Transaction Visibility is Just the Beginning

This application transaction or component measurement can be considered the lowest common denominator required for effective collaboration with the development team. It should provide enough diagnostic insight to accomplish two goals inherent in triage:

  • Accept that there is a problem related to an understandable application/code function (even though the data comes from a network tool)
  • Begin to investigate the application logic invoked by the transaction, along with underlying dependencies.

The development team may still have to work to reproduce the problem (especially if it is intermittent) and trace code execution (this isn’t a Dynatrace PurePath, after all), but it achieves our stated goal of inter-team collaboration by defining the problem in language that the development team can relate to. (Ça va?)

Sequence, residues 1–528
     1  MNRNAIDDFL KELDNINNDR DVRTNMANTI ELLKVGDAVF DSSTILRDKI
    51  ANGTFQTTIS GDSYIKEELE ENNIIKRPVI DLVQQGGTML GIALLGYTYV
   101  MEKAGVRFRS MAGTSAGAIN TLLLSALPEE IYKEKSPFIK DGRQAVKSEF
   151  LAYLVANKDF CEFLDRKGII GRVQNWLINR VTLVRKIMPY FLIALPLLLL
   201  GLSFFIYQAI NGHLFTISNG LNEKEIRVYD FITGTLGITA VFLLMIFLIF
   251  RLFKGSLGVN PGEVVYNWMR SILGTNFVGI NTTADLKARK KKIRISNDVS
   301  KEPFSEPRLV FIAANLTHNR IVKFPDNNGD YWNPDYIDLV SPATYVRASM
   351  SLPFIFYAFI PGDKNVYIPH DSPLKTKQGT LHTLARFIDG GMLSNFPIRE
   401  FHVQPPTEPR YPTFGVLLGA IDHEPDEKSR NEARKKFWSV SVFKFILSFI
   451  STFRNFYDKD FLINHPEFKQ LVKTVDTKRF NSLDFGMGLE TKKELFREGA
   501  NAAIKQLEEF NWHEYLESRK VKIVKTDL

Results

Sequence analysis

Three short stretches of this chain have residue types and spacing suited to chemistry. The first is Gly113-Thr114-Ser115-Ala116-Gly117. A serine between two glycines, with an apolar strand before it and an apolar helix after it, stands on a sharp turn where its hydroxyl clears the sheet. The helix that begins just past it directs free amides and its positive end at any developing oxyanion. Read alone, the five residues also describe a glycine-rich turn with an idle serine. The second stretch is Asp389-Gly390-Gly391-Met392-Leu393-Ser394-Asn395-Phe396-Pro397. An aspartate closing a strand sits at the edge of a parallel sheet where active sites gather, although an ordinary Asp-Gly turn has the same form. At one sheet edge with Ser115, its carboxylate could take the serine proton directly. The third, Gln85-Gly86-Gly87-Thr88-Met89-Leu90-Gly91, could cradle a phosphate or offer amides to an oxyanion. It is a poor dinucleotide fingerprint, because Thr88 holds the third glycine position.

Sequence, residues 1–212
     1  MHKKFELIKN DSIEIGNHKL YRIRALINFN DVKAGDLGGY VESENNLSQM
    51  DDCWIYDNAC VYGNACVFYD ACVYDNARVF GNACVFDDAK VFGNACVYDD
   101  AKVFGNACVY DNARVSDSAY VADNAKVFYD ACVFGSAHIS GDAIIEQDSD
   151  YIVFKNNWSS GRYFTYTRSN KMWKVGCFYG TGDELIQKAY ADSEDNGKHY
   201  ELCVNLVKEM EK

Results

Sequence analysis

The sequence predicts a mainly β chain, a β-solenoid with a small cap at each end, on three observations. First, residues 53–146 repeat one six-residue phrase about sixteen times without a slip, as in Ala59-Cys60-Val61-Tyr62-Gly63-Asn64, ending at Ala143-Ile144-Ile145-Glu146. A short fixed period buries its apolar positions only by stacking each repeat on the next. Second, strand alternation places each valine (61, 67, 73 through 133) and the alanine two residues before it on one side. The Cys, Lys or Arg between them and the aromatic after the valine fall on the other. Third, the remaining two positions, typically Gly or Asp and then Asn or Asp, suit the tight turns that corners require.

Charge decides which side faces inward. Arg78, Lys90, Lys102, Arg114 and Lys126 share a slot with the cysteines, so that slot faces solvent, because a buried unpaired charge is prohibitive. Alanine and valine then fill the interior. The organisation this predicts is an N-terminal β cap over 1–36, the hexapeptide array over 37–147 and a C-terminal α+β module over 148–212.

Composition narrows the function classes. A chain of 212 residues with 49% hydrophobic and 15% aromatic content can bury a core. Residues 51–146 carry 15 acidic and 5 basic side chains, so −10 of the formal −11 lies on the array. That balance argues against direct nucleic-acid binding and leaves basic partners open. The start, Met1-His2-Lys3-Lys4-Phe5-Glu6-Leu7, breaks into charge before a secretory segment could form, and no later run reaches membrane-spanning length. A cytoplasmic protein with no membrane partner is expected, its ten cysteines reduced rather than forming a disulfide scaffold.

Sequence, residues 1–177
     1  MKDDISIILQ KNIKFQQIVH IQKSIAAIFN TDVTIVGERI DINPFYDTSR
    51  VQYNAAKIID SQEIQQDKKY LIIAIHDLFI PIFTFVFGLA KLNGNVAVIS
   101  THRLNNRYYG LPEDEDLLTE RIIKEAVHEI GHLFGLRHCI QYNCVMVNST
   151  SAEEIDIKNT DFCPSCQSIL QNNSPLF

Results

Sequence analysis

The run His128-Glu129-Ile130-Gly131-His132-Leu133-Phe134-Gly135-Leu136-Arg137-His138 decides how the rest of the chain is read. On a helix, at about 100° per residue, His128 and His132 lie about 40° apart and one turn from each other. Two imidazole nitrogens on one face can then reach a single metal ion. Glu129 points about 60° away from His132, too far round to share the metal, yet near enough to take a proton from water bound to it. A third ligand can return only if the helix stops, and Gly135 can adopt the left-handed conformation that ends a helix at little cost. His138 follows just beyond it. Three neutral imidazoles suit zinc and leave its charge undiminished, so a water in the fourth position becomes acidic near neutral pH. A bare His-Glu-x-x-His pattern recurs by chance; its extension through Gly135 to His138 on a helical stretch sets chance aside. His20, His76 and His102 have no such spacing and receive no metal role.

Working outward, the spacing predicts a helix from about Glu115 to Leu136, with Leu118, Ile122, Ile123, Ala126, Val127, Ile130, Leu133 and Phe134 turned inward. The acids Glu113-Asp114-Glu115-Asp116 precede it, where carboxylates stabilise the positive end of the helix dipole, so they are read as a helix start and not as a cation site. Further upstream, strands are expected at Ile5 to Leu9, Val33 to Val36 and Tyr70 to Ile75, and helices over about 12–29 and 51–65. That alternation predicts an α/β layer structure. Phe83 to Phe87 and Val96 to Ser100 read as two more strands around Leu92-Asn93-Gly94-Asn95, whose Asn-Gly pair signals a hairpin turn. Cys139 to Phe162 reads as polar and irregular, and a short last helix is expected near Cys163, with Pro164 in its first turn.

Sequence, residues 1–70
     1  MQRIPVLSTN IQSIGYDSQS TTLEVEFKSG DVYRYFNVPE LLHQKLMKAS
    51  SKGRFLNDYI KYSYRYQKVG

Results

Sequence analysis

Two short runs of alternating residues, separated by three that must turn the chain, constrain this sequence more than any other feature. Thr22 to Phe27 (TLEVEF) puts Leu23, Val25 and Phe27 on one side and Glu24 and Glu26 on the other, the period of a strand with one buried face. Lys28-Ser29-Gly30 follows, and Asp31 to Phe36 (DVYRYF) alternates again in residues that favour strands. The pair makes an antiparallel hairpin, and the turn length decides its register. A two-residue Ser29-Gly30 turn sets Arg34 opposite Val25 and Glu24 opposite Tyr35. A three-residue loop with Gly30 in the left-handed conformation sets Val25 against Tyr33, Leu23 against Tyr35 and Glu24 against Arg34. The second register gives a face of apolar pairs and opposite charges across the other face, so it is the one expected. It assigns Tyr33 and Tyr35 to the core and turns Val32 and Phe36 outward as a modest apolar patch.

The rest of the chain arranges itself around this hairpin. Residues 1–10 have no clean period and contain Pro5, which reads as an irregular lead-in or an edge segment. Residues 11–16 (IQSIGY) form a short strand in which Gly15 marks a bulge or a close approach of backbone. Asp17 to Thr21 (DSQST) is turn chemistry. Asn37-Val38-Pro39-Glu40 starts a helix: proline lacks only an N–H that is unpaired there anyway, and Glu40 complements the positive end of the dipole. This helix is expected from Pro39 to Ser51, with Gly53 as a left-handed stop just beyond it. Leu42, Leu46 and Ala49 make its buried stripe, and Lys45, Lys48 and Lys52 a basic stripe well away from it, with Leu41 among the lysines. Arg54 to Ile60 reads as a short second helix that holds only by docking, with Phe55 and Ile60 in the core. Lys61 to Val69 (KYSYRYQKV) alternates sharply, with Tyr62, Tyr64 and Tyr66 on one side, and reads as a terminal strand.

If I were only concerned about highlighting the fundamentals of communicating with development teams, I might stop here. (In fact, in the extended AA NPM market, it’s quite common to stop here.) But there remains a critical missing link, one that significantly impairs your ability to leverage this application transaction insight.

Is There a Problem?

Let’s say you’re monitoring a handful of web applications. (The same holds true if you’re monitoring other applications such as SAP, Oracle eBusiness Suite, Siebel, Microsoft Exchange, etc. I’ll use web as the most familiar.) If you’re monitoring the performance of web components and corresponding backend database queries, you’ve likely also got transaction-specific performance baselines. But how do you know when you have a problem? If the performance of the opensession.jsp changes from 3 to 4 seconds, is that a problem to share with the development team? (If I were to state that the performance changes from 3 to 13 seconds, the answer would be obvious; let’s avoid discussing the simple, catastrophic demo cases designed for vendor playbooks.) What happens if JavaScript file download performance degrades from 1.0 to 1.5 seconds? Should the network team take this one with high priority? How do you go about setting appropriate performance thresholds for thousands of application components?